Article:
I believe that the way we deploy aid and philanthropic funds needs drastic change. We have to look at things from an entirely new perspective and get to the root cause of some of the perpetual issues instead of dealing with the symptoms alone. We also need to acknowledge how interconnected the needs and potential interventions are. COVID-19 has emphasized this dynamic as we witness a health crisis jeopardize and roll back development gains in multiple areas. The climate crisis is another example. It needs a great deal of attention, not only in reaching zero emissions by 2050 – a goal that garners most of the international focus – but also in building climate-resilient communities able to manage the economic, social, and health effects of this crisis. Developing nations and marginalized groups are at the forefront of this, especially women and girls who are the most vulnerable. So, I often look to deploy multifaceted interventions that can meet a number of the sustainable development goals at once. In Cote D’Ivoire, UNICEF has begun building classrooms out of plastic waste. The way the operational modalities have been built is that the women of the community source the plastics and sell them to the factory where they can be recycled into plastic bricks. These modern, sustainable classrooms are a fraction of the cost of a conventional classroom and they are fireproof, waterproof, and earthquake-proof. We are now looking into extending this circular model throughout the continent. We need more creative solutions like this that are capable of addressing multiple challenges simultaneously.

Q: Do you have examples where you have seen greater/exponential impact through your funding?

In Borno State in Northeastern Nigeria, we deployed a number of solar-paneled boreholes, managed by women of the community, that have provided clean drinking water to over 80,000 people. The systems have served more people than originally intended due to an influx of internally displaced people. With low day-to-day running costs combined with long-term durability, the systems provided high-quality service to multiple communities. In addition, the systems have provided an important water storage buffer for climate adaption purposes.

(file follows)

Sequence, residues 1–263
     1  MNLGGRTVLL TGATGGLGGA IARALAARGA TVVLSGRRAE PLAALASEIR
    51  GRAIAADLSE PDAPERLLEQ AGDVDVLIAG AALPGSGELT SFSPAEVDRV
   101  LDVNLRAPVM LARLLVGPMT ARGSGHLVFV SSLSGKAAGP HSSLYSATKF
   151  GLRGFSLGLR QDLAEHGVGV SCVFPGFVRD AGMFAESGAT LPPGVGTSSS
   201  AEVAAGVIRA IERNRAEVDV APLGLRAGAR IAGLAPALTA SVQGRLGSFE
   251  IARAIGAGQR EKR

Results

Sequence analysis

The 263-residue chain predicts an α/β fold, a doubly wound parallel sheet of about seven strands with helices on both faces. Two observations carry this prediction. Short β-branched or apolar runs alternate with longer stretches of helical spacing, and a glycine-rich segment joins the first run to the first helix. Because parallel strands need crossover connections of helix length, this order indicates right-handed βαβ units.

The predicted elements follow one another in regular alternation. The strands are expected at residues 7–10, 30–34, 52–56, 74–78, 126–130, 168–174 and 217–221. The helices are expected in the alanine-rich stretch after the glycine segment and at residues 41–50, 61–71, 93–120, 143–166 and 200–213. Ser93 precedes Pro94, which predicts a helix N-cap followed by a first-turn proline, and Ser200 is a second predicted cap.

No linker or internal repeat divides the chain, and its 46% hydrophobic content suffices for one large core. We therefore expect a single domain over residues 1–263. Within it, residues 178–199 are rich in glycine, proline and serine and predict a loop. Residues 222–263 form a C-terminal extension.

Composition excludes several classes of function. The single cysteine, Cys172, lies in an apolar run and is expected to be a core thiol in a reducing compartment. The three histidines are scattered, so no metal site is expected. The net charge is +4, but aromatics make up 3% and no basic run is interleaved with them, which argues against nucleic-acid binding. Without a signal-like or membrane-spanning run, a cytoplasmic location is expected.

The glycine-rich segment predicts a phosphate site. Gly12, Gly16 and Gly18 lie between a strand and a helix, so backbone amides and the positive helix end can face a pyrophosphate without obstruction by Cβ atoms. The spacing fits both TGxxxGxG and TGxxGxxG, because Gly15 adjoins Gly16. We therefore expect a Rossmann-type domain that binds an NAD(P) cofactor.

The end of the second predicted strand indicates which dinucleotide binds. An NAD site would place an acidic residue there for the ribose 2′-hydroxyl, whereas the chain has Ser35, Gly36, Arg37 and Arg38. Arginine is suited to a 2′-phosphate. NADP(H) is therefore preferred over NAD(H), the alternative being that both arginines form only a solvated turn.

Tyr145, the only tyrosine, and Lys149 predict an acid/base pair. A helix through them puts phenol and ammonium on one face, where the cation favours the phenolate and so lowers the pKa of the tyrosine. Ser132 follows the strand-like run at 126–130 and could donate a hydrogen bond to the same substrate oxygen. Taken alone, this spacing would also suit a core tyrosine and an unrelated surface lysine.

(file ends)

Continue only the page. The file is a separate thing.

Q: How has being part of the WMM community impacted/influenced your philanthropy?

Being a part of the WMM community provides a guiding force that encourages and challenges me to look at development through a gendered lens, and to examine the gendered impact of giving that isn’t necessarily directed toward women and girls. This has seeped into my studies in International Relations and into how I see the world, driving me to analyze how inequality and gender discrepancies have affected our societies. The world would have been a totally different place today if women were running the show and directing resources.

Q: What does 2021 look like in terms of priorities, new opportunities for growth, and collaboration within your philanthropy?

This year I am focusing on girls’ education and procuring innovative climate solutions that will build resiliency within communities. We launched a digital campaign this March, “Everything But a Girl” which aims to raise awareness of the increasing number of child marriages and pregnancies. I will also be looking for innovative climate tech solutions that can be deployed in marginalized communities to address multiple development challenges at once. We know that partnerships and other forms of collaboration are often key to achieving scale and impact, so we are actively seeking opportunities to join forces where there is alignment.

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Vivian Long
Part of having a vision for a gender equal world is acknowledging the harsh and sometimes unseen reality of violence against women, and equipping people with the tools to thoughtfully respond and navigate tangible outcomes in a survivor-centric way.